Migrant Northern Wheatears can occur almost anywhere but are most often on coastal lowlands and headlands sometimes often in high numbers known as ‘falls’ or concentrated arrivals of birds stopping off temporarily for a day or two before moving on to more distant breeding areas (some of these may include birds of the race leucorhoa which breed in NE Canada). Breeding Northern Wheatears in Andalucia are found in the open, arid areas of the Sierra Nevada and other high mountain areas above 850m with birds reaching progressively higher levels, to about 3400m, as they follow the summer melt of snow.
All wheatears are territorial and traditionally hole-nesters, usually in an earth bank, wall, rocky crevice or under boulders, loose scree or occasionally beneath dense vegetation. Black Wheatears also place their nests in caves, ruins or old buildings whilst Northern Wheatears in Asia also share their nesting burrow with rabbits or rodents such as marmots or pikas or in northern Europe breeding seabirds such Atlantic Puffins and Manx Shearwaters. One of the characteristic signs of a wheatear nesting site, particularly or best exemplified by Black Wheatears, is the entrance to the nest is marked by a base or platform of twigs or stones often white in colour and placed at or below the entrance to the nest (in some cases often several feet below a vertical entrance). Some stones carried by Black Wheatears can weigh up to 28g – approximately two-thirds the weight of the bird– and as the Black Wheatear is a traditional nester, often using the same site in successive years, these platforms may number several hundreds or even thousands of stones. Black-eared and Northern Wheatears by comparison have less elaborate entrances usually marked by small twigs, dry grasses or decaying vegetation and the nests are rarely used in successive years.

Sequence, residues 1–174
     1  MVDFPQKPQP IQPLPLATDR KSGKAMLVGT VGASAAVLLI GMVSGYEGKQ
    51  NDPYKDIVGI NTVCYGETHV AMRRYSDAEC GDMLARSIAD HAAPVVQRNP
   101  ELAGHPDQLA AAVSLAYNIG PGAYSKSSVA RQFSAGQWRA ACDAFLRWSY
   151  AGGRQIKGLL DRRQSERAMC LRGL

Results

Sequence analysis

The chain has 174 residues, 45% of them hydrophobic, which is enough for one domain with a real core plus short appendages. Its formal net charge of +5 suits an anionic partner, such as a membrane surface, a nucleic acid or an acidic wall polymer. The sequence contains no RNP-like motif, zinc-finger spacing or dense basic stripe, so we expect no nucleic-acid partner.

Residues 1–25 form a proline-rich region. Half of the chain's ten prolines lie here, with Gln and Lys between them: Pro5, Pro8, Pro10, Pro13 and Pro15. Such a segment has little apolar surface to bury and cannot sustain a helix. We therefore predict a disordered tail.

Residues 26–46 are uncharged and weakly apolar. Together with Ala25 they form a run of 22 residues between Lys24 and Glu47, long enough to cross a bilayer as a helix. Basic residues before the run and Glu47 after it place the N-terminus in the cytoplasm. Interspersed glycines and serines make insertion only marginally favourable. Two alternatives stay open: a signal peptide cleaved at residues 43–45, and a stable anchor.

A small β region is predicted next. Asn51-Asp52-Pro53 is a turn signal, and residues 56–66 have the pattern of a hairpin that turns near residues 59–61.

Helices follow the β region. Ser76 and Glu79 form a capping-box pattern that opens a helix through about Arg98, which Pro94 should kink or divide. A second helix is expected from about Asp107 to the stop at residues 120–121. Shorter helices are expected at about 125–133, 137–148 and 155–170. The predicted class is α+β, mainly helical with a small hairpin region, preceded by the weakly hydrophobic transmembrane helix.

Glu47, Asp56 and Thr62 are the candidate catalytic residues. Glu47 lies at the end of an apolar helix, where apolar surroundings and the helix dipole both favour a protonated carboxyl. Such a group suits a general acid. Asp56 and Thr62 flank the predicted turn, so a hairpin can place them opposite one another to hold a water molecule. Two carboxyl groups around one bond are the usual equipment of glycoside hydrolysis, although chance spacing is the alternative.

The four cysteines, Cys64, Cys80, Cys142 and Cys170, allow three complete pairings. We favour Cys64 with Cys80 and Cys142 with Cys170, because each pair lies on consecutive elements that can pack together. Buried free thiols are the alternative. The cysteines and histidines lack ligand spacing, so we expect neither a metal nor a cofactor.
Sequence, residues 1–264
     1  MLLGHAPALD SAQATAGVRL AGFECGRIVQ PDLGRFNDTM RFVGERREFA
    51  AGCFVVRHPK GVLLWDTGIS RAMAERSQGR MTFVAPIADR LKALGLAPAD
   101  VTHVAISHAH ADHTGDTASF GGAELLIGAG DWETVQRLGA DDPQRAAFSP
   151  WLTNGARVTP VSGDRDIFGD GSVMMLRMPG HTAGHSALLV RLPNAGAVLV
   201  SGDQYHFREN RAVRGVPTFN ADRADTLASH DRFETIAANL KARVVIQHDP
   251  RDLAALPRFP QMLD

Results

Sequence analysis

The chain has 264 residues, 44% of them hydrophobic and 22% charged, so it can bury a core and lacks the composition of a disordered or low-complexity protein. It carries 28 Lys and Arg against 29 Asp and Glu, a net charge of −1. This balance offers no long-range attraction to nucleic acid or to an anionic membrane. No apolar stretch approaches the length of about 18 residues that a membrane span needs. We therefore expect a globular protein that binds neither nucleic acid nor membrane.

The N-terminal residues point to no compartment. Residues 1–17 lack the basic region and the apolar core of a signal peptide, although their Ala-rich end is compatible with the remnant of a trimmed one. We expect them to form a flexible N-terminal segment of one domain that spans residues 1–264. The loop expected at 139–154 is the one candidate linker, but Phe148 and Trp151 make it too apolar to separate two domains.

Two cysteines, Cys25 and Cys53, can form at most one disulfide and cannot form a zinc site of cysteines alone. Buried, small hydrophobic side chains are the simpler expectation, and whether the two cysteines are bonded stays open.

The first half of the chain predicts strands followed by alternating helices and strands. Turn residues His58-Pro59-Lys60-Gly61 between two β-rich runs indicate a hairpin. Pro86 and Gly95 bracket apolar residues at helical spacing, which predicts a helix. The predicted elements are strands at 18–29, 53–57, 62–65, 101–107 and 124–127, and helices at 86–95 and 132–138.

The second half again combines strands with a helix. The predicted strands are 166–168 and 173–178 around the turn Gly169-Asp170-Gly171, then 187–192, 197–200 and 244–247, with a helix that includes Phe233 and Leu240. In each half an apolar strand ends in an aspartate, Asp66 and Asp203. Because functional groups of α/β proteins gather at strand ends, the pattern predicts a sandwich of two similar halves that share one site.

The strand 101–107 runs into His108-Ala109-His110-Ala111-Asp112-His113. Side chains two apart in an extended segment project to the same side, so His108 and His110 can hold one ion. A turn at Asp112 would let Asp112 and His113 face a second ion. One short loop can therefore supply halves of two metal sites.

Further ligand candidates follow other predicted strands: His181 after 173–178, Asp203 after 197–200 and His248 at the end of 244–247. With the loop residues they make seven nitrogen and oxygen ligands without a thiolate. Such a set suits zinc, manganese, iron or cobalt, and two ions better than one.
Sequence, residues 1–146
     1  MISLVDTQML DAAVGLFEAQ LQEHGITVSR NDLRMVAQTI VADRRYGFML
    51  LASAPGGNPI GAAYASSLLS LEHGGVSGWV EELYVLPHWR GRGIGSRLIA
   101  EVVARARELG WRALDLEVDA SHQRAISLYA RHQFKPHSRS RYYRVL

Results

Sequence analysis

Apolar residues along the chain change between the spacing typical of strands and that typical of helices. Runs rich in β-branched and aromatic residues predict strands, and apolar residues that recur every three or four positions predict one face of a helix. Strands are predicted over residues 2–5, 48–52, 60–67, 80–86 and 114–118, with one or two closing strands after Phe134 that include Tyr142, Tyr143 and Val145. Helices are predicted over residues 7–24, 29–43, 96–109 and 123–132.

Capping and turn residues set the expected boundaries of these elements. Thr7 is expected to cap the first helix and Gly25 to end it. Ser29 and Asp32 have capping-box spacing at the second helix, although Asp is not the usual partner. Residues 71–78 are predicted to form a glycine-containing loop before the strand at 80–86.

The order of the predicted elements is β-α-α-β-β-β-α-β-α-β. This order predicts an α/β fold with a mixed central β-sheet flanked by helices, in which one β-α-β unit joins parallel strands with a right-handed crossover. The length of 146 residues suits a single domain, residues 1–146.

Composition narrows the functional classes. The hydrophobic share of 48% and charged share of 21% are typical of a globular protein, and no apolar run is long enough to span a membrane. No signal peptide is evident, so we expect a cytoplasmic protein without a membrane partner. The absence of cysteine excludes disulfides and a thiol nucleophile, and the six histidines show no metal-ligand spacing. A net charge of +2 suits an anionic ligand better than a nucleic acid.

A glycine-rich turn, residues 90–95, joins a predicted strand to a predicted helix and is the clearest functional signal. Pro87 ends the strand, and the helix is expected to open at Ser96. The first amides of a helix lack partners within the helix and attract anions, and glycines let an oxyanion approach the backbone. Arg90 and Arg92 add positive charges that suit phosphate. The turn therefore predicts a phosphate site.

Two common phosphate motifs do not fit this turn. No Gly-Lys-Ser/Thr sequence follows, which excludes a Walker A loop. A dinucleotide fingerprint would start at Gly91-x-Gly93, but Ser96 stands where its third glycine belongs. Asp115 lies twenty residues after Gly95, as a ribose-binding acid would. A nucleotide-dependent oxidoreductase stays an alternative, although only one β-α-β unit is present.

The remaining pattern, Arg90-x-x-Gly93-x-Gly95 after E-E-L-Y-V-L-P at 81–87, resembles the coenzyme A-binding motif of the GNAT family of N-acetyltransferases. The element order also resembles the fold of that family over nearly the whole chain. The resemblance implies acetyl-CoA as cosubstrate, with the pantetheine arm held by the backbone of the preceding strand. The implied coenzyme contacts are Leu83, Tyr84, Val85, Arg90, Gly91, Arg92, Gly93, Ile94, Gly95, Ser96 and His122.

The breeding season usually begins in late March or early April for Black-eared and Northern Wheatears, for some this is only a matter of days after arriving back from the wintering areas with the males setting up and defending the breeding territory about a week to ten days ahead of the returning females. For the Black Wheatear being largely resident the season may begin a little earlier in early March (in N Africa active nests have been found in January) and unusually (for wheatears) the nest is constructed by both the male and female – the female alone does the work in both Black-eared and Northern Wheatears. Most Spanish breeding Black and Black-eared Wheatears have two broods (and three is not unknown in Black Wheatear) only Northern Wheatear has just a single brood, which for some high altitude nesters may not fledge until August – a time when other populations are undergoing a post-breeding moult or even moving south towards wintering areas.